Hope matters. It should not be confused with optimism, though they are siblings.
Vaclav Havel, the Czech playwright, dissident and later beloved statesman, was born in a time and place where it would have been easy to choose hopelessness, but he never did. In his essay, “Never Hope Against Hope,” (note the essay in Esquire originally appeared in 1993, this link is taking you to its reprinting in 2011) Havel wrote, “Hope is definitely not the same thing as optimism. It’s not the conviction that something will turn out well, but the certainty that something makes sense, regardless of how it turns out.”
Vaclav Havel being remembered. From our visit to Prague in 2015.
Spring, by its very being, can fill us with hope. As I type this, tear-shaped petals of many shades of pink float on the breezes. They almost seem to giggle on their way down, so those tear-shapes belong with happy tears, not sad ones. Havel believed, as I do, that “Each of us must find real, fundamental hope within himself. You can’t delegate that to anyone else.”
Havel, a beloved Czech playwright who became the last President of Czechoslovakia and the first President of the Czech Republic, wrote in that same essay about absurdities we can face in our lives. Indeed, he describes an accident, a night two months before he became President, when he was walking a drunk friend home. “In this total darkness, though completely sober, I suddenly fell into a black hole surrounded by a cement wall. The fact is, I had fallen into a sewer, into what can only be called, you’ll excuse me, shit.” It’s a vivid scene and I recommend reading the whole essay.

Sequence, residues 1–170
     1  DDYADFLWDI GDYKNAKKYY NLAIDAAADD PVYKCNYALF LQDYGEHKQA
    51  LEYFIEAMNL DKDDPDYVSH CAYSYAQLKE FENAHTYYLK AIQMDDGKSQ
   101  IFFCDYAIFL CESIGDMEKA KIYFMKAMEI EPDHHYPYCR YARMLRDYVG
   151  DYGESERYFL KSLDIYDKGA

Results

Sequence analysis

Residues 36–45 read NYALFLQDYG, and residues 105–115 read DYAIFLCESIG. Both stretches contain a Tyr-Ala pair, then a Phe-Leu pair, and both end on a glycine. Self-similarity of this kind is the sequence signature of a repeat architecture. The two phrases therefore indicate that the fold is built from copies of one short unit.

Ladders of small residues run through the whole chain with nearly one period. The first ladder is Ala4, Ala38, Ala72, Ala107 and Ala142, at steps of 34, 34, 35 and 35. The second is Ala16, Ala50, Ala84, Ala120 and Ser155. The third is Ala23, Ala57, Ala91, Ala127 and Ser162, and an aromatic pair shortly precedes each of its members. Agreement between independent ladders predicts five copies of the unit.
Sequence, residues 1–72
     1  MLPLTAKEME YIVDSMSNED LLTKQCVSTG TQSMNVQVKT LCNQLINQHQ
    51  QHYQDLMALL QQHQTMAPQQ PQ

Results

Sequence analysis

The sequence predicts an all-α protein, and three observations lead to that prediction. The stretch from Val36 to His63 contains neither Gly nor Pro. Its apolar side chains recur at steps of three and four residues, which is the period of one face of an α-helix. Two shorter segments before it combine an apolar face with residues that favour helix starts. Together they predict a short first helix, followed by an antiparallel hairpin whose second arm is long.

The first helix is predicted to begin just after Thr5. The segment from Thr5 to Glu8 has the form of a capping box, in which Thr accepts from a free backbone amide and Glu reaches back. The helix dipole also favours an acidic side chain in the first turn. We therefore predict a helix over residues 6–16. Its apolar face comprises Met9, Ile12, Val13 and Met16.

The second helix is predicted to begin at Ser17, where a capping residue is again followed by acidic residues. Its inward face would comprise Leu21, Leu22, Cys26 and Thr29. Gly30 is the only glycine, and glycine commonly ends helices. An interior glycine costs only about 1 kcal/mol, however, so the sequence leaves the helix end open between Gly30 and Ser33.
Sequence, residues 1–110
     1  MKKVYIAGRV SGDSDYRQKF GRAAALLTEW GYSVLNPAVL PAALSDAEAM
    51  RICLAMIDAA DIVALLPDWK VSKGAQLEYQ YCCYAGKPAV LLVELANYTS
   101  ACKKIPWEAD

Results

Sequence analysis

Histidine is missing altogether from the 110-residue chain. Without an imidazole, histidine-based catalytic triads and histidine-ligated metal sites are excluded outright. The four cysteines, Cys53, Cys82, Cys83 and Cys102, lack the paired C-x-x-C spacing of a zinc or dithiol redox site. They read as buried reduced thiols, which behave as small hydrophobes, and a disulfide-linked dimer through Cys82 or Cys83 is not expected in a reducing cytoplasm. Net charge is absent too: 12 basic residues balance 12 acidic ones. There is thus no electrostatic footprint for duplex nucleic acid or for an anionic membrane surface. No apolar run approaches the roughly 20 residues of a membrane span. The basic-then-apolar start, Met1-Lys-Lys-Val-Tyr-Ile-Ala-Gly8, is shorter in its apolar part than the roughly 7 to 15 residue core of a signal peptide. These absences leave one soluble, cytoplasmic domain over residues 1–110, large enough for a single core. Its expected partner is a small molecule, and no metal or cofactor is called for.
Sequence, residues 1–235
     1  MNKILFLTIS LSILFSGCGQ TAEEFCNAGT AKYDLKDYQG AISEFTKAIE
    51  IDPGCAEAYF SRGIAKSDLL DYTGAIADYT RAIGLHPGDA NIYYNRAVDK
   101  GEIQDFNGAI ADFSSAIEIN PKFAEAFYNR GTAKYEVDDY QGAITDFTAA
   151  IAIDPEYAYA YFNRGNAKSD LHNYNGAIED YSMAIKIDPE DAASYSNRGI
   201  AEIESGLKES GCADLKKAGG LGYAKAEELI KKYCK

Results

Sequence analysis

I have written before about hope. My personal favorite is from spring, two years ago, Scaffolding & Hope. But there are more: Choosing Hope, a guest post from Jeanette Michalets, I Feather My Nest with Hope, Contentment & Perspectacles.
Is it any wonder then that my first book published, Done Darkness, is really about finding hope? Yes, it’s an anthology about living with depression, but more than anything, it is about hope, about seeking hope and light, even in the pits. (Or the sewer as Havel had to.) It has done my heart good to read the reviews on Amazon as readers find this book and leave their thoughts. (Shameless plea — if you’ve read the book and found meaning, hope or something that connects for you or a dear one, could you please, please leave a review at Amazon or Goodreads? Those reviews help other readers find the book – help us spread hope.) As I wrote earlier this year, Kathy Lanzarotti (my co-editor) and I often said we wished we could have made “Carry On,” by Fun, our book’s theme song. One verse in particular always speaks to me:
‘Cause here we are
We are shining stars
We are invincible
We are who we are
On our darkest day
When we’re miles away
Sun will come
We will find our way home
We have a wedding in our family next week. In the life of families in our era of living so separately, weddings seem to be the last remaining time to get-together to share in the celebration of love and hope. My older son, the groom, asked me years and years ago, “Do you have to find meaning in everything?” That was when this blog was called Finding Meaning With Words. Yes, I said. Yes, I do.
And apparently, so did Vaclav Havel, “…life is too precious a thing to permit its devaluation by living pointlessly, emptily, without meaning, without love, and, finally, without hope.”